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Feb 4, 2013

Divorce with inflation costs a pretty agura

I was once told by a rav involved in the beis din system in Israel, in various capacities, that nowadays the ketuba is rarely looked at during the divorce process. Despite the fact that the ketuba lays out what the husband is obligated to pay to the wife, in case of divorce or death, it has become a largely irrelevant document, in these times of divorce settlements. Because the courts divide up the money of the couple fairly evenly, in the case of a divorce, with no connection to the ketuba, there is no longer even a need to look at it, let alone use it as a basis for deciding how much he must pay her upon divorce.

That is not always the case. In a recent divorce down south, they each disputed how much had been written in the original ketuba, 35 years prior! They were arguing about it because the ketuba was lost, a long time ago. It did not disturb anyone until now, even though a couple cannot live together if the ketuba is missing,  because the husband had run off 15 years ago, leaving his wife and 4 kids behind.

She claimed that the original ketuba had promised her 152,000 lira, while he claimed that he had only promised 2000 lira in the ketuba.

Israel's currency was the lira until 1980, when it was replaced by the Shekel. The conversion rate from lira to shekel was 1 shekel for every 10 lira. That too was eventually replaced, in 1985, with the New Israeli Shekel, at a conversion rate of 1000 old shekel to 1 new shekel.

That means, his claim of owing 2000 lira meant he was saying he owed her from the ketuba obligation the grand total of 20 agurot - 2000 lira became 20 old shekel, which became 20 agurot in new shekel.

Her counter-claim was that the original ketuba promised her 152,000 lira. That would be a claim of 15,200 old shekel, being 15.20 new shekel.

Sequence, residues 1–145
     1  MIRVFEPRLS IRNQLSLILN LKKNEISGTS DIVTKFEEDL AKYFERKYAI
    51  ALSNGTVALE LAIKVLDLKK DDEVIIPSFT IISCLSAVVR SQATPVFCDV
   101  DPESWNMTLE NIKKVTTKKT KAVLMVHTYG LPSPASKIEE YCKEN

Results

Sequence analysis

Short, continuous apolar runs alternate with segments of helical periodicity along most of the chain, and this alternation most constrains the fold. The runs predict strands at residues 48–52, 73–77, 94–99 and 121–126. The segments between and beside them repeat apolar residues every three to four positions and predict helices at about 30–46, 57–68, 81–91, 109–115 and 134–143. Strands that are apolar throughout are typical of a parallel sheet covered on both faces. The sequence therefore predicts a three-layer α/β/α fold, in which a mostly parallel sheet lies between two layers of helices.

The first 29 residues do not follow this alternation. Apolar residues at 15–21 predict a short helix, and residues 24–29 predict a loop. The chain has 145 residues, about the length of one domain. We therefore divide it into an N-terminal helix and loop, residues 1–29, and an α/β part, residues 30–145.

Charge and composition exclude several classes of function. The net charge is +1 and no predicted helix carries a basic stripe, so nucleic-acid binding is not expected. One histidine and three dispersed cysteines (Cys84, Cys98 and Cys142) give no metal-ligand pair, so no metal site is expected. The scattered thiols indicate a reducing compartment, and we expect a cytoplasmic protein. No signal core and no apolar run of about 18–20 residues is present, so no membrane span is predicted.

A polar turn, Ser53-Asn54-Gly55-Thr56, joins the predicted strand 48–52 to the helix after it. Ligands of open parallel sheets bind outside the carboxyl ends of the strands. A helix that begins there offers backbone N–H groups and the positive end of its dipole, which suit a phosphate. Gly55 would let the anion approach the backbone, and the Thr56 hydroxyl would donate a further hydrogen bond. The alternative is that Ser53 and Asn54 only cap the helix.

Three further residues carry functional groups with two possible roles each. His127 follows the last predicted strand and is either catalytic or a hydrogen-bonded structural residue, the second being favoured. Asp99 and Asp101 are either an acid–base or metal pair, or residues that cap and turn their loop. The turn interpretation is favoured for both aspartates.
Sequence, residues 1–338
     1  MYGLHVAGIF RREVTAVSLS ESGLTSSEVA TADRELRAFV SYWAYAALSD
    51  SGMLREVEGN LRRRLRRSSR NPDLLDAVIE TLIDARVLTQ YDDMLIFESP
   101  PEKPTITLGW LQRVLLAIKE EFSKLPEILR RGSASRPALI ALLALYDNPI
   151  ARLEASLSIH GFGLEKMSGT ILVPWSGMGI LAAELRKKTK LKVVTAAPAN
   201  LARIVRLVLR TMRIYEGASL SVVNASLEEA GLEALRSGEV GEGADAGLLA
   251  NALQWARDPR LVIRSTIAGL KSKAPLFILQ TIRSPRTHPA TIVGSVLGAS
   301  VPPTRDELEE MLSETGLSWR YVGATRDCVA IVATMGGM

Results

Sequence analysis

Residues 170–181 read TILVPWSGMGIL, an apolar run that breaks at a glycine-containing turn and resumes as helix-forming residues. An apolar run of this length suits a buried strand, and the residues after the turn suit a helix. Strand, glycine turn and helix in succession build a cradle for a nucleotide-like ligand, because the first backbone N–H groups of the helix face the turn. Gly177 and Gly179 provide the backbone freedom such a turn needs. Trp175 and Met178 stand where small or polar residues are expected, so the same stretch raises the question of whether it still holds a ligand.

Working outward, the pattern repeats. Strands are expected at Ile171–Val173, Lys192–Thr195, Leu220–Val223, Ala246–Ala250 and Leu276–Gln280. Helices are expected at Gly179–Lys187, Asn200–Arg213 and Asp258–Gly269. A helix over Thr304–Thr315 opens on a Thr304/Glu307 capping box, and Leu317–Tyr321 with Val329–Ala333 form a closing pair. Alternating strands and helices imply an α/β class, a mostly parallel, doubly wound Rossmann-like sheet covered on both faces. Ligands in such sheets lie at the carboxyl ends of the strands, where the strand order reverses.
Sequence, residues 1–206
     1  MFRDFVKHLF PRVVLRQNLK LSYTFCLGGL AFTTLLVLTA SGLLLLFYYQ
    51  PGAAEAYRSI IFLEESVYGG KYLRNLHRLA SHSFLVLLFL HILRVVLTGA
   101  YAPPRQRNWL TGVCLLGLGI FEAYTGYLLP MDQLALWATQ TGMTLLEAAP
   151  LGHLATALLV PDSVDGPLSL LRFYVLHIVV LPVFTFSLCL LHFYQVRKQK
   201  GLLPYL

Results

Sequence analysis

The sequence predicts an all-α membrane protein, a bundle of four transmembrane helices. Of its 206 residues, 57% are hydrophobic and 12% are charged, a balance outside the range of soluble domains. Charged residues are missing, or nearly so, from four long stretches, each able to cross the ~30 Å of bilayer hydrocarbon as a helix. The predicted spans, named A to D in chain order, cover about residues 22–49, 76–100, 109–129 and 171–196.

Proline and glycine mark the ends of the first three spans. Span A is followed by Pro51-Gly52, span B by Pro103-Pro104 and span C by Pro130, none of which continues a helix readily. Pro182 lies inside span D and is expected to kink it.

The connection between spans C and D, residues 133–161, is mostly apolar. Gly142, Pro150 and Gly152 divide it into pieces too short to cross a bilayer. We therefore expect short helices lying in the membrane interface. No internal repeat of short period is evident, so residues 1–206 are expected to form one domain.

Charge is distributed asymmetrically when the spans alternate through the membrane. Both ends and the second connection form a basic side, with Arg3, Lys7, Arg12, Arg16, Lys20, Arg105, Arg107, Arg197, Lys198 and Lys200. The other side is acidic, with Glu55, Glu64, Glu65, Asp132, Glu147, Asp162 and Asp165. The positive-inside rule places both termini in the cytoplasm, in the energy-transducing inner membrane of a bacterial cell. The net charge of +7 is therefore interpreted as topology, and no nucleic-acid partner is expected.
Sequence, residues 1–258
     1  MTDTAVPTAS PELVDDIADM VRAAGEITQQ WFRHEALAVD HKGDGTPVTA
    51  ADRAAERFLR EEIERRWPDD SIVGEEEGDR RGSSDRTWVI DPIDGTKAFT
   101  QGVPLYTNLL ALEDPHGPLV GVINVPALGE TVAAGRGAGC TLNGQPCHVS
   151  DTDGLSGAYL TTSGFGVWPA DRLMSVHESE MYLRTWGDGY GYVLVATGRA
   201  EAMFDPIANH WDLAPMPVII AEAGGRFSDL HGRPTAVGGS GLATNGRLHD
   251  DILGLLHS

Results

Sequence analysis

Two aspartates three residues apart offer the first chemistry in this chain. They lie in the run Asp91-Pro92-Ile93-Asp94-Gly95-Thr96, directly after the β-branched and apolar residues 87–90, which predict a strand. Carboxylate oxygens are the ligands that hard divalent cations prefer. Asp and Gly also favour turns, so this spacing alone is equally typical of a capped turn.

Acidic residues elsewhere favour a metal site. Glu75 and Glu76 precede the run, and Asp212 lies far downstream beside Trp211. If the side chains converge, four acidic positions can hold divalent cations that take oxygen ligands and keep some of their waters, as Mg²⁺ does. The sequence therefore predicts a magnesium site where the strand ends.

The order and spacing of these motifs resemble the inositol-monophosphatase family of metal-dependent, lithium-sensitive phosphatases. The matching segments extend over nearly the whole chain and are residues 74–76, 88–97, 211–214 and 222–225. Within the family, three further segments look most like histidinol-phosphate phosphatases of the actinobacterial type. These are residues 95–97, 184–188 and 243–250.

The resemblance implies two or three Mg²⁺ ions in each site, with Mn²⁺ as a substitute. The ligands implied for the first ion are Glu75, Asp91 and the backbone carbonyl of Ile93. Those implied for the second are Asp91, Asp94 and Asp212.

The power of devaluated money.

The bigger problem was that when one is claiming money from the other, the burden of proof as to how much is owed is upon the claimant. With the original document missing, that was going to be a problem. Even though it looks like they were only fighting over 15 shekel, at this point.

The beis din decided that because the dispute is regarding what amount was stated in the original document, finding a copy would be good enough proof for clarification (it might not be good enough to stake the entire claim, but for clarification alone it is fine). Eventually a copy was located in the Rabbanut archives, and it showed that the woman's claim was correct - the scoundrel had promised her 152,000 lira in the ketuba.

The beis din evaluated the debt at a current price of 500,000 NIS. I am not sure based on what calculation, but it included inflation, which over a period of 30 years in Israel was probably pretty high for a large percentage of the time.

Beis din added that because he left the house and abandoned them, he is considered to be rebellious, a status that obligates him to pay the entire sum of the ketuba with no discounts - unless he could prove that she had destroyed the marriage. They did not accept his claim to that effect, relying on police reports of  complaints and testimony from the children that he had been violent..

The final decision was that they would sell the apartment and split the proceeds between them. She would receive her ketuba  payment in full, and his half of the apartment would be deducted from what he had to pay her from the ketuba, which ended up giving her nearly the entire apartment.
(source: Mynet)

I am a bit surprised he was not obligated to pay her mezonot for the years he was missing, but maybe that was included in the 500k decision. So, the ketuba is not a document that can always be discounted as irrelevant... and the compounding of inflation is staggering!


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